· Corryton Elementary is having a collection on Friday, Dec. 2 for needed items such as food, water, toiletries, pet food, and more to be taken to Sevier County over the weekend.

· Dogwood Elementary staff is collecting supplies to be delivered at the end of the week.

· Farragut Middle is taking up monetary donations for the American Red Cross and collecting toiletry items and protein bars.

· Farragut High School SGA is taking up donations in first block classes.

· Gibbs High’s Criminal Justice classes have organized a schoolwide effort to take up bottled water, Gatorade, snacks, protein bars, eye drops, and more for first responders in Sevier County. The other students and members of the community have been helping with donations, collecting items and assisting in taking the items to Sevier County.

· Halls Middle’s Random Acts of Kindness Club is collecting donations and will deliver them to the Ford Dealership in Sevierville to distribute.

· Hardin Valley Academy is doing a schoolwide drive for items listed on WBIR’s website as needed for pets in particular, but is also collecting cash donations and water. The effort is being coordinated through the Planned Acts of Kindness Club.

· Karns High is requesting that students and staff bring needed items for the Gatlinburg Relief Fund.

· Karns Middle is collecting toothbrushes and toothpaste through its student council; the girls’ basketball team is collecting monetary donations; and the school has a hat day scheduled with earmarked for animal shelters and the care of animals.

· Northshore Elementary is hosting “Dimes for a Disaster” with a goal of raising $1,000 in support of relief efforts.

· Powell High is serving as a collection hub for the Powell community. The intent is to donate directly to Gatlinburg-Pitman High School to help displaced faculty, staff and students.

· Powell Middle is working with its PTSA to host a Food/Water/Supply Drive through Friday for the American Red Cross shelter in Sevierville, where many victims are currently staying.

· Ritta Elementary is conducting a money drive on Saturday, Dec. 3 during its holiday craft fair. Students are also being asked to bring in other needed items in the upcoming weeks.

· Sam E. Hill Preschool is making cards and collecting water and power bars for first responders as well as gathering games and activities for small children.
South-Doyle will be taking donations for Gatlinburg this Friday night at the first home basketball game. A case of water, pack of Gatorade, box of protein bars, a bag of dog/cat food or other needed items equal free admission into the game. All donations will be taken to the drop off point in South Knoxville.

· Sterchi Elementary is having hat day on Friday. Everyone who wants to participate can donate $1 with money raised donated to the relief effort.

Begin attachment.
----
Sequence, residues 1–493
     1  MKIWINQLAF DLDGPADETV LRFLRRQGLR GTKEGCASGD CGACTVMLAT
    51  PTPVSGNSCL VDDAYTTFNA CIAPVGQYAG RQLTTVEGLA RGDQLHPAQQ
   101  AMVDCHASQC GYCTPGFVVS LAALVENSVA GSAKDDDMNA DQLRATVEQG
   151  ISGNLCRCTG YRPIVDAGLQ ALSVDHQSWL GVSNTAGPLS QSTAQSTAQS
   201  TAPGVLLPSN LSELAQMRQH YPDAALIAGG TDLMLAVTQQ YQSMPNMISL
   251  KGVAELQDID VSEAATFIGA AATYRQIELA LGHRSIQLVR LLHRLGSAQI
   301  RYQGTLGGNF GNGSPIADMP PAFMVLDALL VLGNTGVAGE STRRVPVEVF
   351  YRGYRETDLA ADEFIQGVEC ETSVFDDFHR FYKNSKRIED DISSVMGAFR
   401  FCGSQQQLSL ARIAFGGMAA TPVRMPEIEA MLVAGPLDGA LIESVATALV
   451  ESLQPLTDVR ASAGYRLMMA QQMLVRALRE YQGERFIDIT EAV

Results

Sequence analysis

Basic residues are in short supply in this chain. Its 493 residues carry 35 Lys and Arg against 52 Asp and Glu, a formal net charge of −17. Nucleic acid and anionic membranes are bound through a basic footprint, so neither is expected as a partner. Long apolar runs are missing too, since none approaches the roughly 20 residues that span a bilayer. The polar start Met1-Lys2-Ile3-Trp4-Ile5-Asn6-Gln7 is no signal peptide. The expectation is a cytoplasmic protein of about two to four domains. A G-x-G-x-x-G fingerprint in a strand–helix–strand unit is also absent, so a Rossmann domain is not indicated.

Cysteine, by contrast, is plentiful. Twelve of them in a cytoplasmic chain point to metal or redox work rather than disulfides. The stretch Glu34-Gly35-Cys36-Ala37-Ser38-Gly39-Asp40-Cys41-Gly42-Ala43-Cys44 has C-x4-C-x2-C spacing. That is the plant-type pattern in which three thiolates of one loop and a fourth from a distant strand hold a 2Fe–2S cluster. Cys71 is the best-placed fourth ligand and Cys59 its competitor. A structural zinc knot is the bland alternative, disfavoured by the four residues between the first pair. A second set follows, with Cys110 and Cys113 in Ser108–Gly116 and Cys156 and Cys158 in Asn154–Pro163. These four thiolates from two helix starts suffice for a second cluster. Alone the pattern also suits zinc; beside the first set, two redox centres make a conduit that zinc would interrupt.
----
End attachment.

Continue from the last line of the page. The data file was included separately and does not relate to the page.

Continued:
· West High is collecting items for the relief effort with a special focus on the needs of first responders. It is gathering Chapstick, water, energy bars and gum. In addition, they are collecting donations of pet food, diapers and other items of necessity.

· West Valley Middle is hosting a donation drive through next Wednesday, Dec. 7 for the Red Cross.

Friday, November 25, 2016

Three essentials: healthcare, food and education focus of 'Inside Tn'

Stan Brock
It’s typically a political and public affairs program, but this Sunday’s edition of “Inside Tennessee” focuses on three charities in East Tennessee and three basics of life: healthcare, food, and education.

WBIR 10News anchor and the show’s moderator, John Becker, calls it perhaps the “most revealing” edition of “Inside Tennessee” this year.

“We cut to the core of the need across our community for the very basics of survival,” he said. “It is hard to overstate the influence these three charities have had on improving the lives of people across East Tennessee. I think our viewers will appreciate the challenges ahead and will be interested in the role Washington politics may play in shaping their future.”

The guests include Stan Brock, the founder of Remote Area Medical; Elaine Streno, executive director of Second Harvest Food Bank; and Emmette Thompson, the executive director for Mission of Hope.

“(We) want to offer a glimpse into the lives of people on the frontline of topics that often take a political turn,” Becker said. “We spend some time talking about the influence of the November election and what they’re expecting in the coming Trump administration.”

For example, Becker noted, Brock offers his take on the one change lawmakers in Washington, D.C. could make the would open up more people to dental and vision care across the country.

Sunday’s guests will answer the question: Are we better off now than we were a decade ago when it comes to meeting the basic needs of people in healthcare, food, and education.

They’ll also talk about their biggest challenges ahead.

“We hope viewers learn a bit more about these homegrown operations, the influence they have on our community, and why they do what they do,” Becker said.